No Child Left Behind? Educational
Researcher, 36( 5), 268–278.
Goodlad, J. (1979). What schools are for.
Bloomington, IN: Phi Delta Kappa.
Grubb, W. N. (2007). Dynamic inequality
and intervention: Lessons from a small
country. Phi Delta Kappan, 89( 2),
Institute for Management Development.
(2009). World competitiveness yearbook.
Lausanne, Switzerland: Author.
Jeffrey, C., Jeffery, P., & Jeffery, R. (2008).
Degrees without freedom? Masculinities and
unemployment in northern India. Palo Alto,
CA: Stanford University Press.
Johnson, I. ( 28 April, 2009). China faces a
grad glut after boom at colleges. Wall
Street Journal, p. A1.
Kronholz, J. (2004, December 7). Economic
time bomb: U.S. teens are among the
worst at math. Wall Street Journal, p. B1.
Mullis, I. V. S., Martin, M. O., & Foy, P.
(2008). TIMSS 2007 international mathematics report. Chestnut Hill, MA: Boston
Obama, B. (2009, March 10). President
Obama’s remarks to the Hispanic
Chamber of Commerce. New York Times.
OECD. (2005). PISA 2003 data analysis
manual. Paris: Author.
Pellegrino, J. W., Jones, L. R., & Mitchell,
K. J. (Eds). (1999). Grading the nation’s
report card: Evaluating NAEP and transforming the assessment of educational
progress. Washington, DC: National
Academy of Sciences.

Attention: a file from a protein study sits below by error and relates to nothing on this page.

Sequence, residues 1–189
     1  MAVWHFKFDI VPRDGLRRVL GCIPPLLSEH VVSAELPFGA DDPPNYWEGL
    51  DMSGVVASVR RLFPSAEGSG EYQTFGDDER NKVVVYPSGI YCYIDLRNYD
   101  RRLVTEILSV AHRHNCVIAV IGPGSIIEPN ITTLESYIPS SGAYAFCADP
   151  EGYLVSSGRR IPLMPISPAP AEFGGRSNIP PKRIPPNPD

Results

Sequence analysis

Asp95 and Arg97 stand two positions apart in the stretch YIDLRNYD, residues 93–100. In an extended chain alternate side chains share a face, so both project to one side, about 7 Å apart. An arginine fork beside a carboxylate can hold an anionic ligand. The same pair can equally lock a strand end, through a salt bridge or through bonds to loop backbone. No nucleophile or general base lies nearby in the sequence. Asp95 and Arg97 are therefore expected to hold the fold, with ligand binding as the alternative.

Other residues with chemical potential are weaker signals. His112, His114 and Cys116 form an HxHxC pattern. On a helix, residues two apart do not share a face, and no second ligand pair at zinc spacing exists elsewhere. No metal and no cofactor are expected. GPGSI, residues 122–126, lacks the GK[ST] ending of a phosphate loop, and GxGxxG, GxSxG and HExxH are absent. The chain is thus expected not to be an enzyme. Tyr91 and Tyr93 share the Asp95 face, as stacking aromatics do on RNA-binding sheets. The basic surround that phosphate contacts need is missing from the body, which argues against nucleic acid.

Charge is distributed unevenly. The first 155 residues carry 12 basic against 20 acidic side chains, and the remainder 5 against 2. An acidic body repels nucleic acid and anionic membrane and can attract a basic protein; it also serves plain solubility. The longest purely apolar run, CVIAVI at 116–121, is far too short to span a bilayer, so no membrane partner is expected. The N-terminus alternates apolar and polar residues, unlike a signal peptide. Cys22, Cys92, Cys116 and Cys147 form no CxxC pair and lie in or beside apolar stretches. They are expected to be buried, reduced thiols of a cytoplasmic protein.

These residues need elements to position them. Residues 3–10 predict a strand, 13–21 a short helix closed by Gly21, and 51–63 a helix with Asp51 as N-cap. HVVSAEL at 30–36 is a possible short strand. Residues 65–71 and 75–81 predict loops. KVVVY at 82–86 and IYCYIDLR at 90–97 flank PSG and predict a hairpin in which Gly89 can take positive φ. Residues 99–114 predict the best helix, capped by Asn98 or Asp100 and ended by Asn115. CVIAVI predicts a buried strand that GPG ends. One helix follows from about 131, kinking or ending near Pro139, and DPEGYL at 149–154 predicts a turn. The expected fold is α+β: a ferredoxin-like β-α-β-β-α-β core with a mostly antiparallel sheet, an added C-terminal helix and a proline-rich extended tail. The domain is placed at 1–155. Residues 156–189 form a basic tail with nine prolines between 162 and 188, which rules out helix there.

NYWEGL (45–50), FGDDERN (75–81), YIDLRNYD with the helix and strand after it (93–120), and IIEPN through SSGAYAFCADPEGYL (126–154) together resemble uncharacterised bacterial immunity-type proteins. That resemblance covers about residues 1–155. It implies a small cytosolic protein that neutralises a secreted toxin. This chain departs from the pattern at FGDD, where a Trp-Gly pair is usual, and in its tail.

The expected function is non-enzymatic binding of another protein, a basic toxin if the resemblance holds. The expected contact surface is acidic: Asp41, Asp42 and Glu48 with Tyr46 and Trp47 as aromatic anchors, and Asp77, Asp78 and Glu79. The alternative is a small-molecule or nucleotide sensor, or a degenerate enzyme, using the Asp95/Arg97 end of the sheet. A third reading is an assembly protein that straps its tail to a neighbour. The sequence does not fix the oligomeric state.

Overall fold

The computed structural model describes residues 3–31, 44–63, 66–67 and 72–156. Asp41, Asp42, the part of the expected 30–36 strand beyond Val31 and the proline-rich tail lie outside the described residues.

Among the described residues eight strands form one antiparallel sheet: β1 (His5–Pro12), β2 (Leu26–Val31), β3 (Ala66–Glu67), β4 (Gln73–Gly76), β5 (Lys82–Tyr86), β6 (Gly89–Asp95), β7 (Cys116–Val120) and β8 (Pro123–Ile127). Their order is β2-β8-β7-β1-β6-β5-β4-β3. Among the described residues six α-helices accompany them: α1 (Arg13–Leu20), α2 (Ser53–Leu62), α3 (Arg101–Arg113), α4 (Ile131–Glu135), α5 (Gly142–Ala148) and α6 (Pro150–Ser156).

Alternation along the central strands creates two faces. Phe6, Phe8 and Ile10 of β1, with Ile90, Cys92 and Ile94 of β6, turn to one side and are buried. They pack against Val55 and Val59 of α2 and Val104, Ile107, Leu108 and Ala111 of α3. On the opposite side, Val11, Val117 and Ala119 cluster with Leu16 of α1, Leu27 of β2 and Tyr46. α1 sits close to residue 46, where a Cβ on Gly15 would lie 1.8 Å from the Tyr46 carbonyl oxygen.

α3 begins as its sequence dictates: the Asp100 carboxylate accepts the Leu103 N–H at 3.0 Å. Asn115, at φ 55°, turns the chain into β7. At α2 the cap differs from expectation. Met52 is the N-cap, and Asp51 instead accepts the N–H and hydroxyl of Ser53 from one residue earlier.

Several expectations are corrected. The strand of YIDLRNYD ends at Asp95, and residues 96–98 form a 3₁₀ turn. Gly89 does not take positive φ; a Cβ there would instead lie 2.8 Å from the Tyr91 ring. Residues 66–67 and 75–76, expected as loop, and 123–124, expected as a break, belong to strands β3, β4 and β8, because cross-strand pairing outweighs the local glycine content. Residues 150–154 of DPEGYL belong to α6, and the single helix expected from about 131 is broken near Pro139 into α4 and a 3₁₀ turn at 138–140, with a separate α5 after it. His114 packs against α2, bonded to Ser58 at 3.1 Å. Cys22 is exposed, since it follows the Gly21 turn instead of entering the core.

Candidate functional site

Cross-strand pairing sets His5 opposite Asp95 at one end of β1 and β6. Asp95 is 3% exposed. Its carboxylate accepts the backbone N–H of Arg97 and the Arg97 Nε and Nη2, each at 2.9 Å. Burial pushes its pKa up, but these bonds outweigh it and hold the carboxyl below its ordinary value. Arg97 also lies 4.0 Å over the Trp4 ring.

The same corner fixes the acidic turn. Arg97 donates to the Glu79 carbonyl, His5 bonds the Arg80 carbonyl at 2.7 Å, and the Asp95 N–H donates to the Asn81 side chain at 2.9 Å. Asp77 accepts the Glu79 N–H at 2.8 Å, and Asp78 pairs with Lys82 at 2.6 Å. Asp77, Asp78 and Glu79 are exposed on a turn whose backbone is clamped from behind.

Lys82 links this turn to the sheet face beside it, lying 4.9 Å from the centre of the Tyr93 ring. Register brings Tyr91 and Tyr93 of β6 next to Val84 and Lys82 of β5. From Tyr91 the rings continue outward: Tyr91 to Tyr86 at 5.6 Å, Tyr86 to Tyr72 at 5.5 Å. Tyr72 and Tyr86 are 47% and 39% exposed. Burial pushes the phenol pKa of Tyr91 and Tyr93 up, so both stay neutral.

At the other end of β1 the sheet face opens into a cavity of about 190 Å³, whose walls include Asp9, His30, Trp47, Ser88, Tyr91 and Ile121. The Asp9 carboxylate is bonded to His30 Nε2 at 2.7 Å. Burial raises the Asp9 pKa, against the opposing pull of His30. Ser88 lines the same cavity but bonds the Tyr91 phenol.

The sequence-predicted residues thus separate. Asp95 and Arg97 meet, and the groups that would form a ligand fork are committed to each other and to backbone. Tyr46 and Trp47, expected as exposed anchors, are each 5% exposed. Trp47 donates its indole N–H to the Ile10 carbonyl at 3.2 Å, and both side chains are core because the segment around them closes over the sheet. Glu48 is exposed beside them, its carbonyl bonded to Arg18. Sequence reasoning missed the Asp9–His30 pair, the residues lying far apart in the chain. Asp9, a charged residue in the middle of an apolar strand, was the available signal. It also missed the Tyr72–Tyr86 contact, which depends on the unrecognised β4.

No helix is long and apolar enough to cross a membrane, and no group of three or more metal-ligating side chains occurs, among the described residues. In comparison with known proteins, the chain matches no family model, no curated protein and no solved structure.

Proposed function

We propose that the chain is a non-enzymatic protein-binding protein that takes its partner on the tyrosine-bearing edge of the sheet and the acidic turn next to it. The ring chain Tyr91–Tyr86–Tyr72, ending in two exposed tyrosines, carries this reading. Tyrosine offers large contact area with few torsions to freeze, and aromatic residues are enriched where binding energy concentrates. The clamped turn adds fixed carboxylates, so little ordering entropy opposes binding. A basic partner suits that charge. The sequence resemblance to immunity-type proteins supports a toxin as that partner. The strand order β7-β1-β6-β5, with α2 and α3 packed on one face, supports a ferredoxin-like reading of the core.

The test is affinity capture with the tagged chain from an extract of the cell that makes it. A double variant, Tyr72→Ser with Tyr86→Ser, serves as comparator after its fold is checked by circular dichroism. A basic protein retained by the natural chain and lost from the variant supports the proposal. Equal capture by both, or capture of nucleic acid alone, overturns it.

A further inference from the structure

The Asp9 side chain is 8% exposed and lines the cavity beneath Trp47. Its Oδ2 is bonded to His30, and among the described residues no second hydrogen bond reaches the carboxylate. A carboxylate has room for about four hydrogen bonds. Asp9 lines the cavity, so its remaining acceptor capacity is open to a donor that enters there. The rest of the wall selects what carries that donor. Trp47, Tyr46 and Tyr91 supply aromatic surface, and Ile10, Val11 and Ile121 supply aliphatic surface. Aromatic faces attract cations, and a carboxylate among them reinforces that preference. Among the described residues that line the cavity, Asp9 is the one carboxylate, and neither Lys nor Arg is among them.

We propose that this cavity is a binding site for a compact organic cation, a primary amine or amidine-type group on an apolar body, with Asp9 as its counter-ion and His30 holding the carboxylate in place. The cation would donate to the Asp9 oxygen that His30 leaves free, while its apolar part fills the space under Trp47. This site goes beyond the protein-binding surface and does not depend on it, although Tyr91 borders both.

Porter, M. E., & Schwab, K. (2008). The
global competitiveness report 2008–2009.
Geneva, Switzerland: World Economic
Rothstein, R., Jacobsen, R., & Wilder, T.
(2006, November 29). Proficiency for all
is an oxymoron. Education Week, 26( 13),
Salzman, H., & Lowell, L. (2008). Making
the grade. Nature, 453, 28–30.
Shepard, L. (1993). Setting performance standards for student achievement. Stanford,
CA: National Academy of Education,
Sjøberg, S. (2007). PISA and “real life
challenges”: Mission impossible? Available:
Sternberg, R. J. (2006, February 22).
Creativity is a habit (Commentary).
Education Week, p. 47.
U.S. Government Accounting Office. (1993).
Educational achievement standards: NAGB’s
approach yields misleading interpretations
(GAO/PEMD- 93-12). Washington, DC:
Zakaria, F. (2006, January 9). We all have a
lot to learn. Newsweek. Available:
Gerald Bracey is an independent
researcher and writer specializing in
assessment and policy issues. He
resides in Port Townsend, Washington;
email@example.com. His most recent book is
Education Hell: Rhetoric vs. Reality
(Educational Research Service, 2009).